6.      “They asked R. Eliezer:  ‘How much should one honor father and mother?’  He answered them:  ‘To the point that if [a parent] takes a money purse and throws it into the sea in [the child’s] presence, [the child] does not embarrass him….” (Kid. 31b)

 

7.      “Ben Zoma teaches:  ‘Who is worthy of kavod?  The one who treats other human-beings with kavod.  As it I said:  ‘For those who honor Me, I will honor, and those who scorn Me, I will scorn.’ (1 Sam. 2:30)” (Pirkei Avot, 4:1)

 

8.      Chelbo said:  ‘Always a man should be careful [regarding] the kavod of his wife, because blessing is found in his house only because of his wife.’…..[Rava said]…: ‘Honor your wives so that you will attain riches.’” (B. Met. 59a)

 

9.      Yosei teaches:  ‘The one who honors the Torah, will be honored by others.’” (Pirkei Avot, 4:6)

 

10.  “The one who learns from his fellow a single chapter, or a single law, or a single verse, or a single saying, or even one letter—must treat [the teacher] with kavod.” (Pirkei Avot, 6:3)

 

11.  “R. Elazar ben Shamua says:  ‘Let the kavod  of your student be as dear to you as your own, and the kavod of your colleague as the reverence for your rabbi, and the reverence for your rabbi as the reverence for Heaven.’” (Pirkei Avot, 4:15)

 

12.    [The situation:  You are studying Torah and come across the section of the Torah which contains the shema (Deut. 6:4).  While you are studying this section, you realize that it is time to pray the shema.  You refocus yourself and now beginpraying these words in order to fulfill the requirement of reciting shema in the morning.  At that moment, your teacher walks in.  Ordinarily, if a teacher enters a room while you are studying, you are required to rise and greet the rabbi—givekavod to the teacher.  In this case, however, you are in the middle of praying, notstudying.  This passage tells you what to do in such a situation….]   “During the breaks [in between sections of the shema], one may give greeting and return greeting out of kavod.  In the middle [of a section], one may give greeting and return greeting out of fear [lest one be punished for insolence].” (Berachot 13a)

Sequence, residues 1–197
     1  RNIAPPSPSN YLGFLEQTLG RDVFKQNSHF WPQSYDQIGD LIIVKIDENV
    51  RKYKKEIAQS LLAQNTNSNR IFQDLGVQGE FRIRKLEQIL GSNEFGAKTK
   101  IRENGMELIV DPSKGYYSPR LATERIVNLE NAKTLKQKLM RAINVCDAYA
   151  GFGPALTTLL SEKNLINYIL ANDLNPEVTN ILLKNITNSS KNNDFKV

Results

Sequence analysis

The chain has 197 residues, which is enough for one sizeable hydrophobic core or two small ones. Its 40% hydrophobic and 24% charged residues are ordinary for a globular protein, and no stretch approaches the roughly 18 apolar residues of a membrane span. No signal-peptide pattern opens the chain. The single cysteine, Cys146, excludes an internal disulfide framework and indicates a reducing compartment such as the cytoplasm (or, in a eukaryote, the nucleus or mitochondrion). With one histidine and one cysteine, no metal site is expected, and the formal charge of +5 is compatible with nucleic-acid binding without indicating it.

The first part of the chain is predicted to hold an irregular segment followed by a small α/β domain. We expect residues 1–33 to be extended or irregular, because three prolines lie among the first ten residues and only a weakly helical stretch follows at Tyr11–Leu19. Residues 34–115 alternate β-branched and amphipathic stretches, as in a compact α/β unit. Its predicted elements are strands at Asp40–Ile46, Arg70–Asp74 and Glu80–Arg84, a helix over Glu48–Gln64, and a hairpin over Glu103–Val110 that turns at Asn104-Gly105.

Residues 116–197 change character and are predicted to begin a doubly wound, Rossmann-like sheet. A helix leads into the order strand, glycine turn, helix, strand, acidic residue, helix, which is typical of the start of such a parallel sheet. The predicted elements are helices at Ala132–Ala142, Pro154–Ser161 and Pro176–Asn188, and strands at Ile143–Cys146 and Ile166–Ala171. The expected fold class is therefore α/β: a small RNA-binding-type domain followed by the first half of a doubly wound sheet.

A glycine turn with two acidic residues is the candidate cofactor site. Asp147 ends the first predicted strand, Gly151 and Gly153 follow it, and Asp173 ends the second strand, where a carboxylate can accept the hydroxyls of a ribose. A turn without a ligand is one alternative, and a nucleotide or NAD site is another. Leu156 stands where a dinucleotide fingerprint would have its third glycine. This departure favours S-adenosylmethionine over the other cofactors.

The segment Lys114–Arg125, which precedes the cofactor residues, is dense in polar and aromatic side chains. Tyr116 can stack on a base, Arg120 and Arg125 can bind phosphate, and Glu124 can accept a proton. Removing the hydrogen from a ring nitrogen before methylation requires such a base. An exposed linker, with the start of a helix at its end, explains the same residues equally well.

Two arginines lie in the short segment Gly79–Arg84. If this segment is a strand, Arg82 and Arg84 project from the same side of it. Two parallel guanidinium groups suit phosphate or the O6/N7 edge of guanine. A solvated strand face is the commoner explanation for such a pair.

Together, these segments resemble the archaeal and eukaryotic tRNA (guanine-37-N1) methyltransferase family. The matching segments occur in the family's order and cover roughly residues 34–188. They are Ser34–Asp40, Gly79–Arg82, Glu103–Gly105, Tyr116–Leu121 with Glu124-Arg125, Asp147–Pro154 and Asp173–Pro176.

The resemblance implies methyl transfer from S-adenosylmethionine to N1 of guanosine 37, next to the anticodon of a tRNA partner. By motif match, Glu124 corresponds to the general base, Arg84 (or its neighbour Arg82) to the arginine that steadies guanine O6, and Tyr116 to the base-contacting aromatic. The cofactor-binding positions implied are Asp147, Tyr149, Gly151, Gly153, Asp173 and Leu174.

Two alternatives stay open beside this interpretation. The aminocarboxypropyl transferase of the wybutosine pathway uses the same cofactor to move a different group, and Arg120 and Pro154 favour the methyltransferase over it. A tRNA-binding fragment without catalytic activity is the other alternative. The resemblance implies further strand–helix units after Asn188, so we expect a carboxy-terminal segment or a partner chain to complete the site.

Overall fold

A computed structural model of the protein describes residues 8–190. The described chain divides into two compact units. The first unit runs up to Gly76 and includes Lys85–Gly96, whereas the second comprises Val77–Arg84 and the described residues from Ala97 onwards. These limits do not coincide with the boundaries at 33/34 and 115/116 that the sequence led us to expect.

13.    “Eleazar b. Mathia said: ‘If my father orders me, “Give me a drink of water,” while I have a mitsvah to perform, I disregard my father’s kavod and perform the mitsvah, since both my father and I are bound to fulfill the mitsvot.’  Issi b. Judah maintained: ‘If the mitsvah can be performed by others, it should be performed by others, while he goes [and concerns himself] with his [father’s] kavod.’ Said R. Mattena: ‘Thehalachah agrees with Issi b. Judah.’” (Kid. 32a)

 

14.    [This rather long excerpt illustrates the complexity of the hierarchy of the kavodsystem]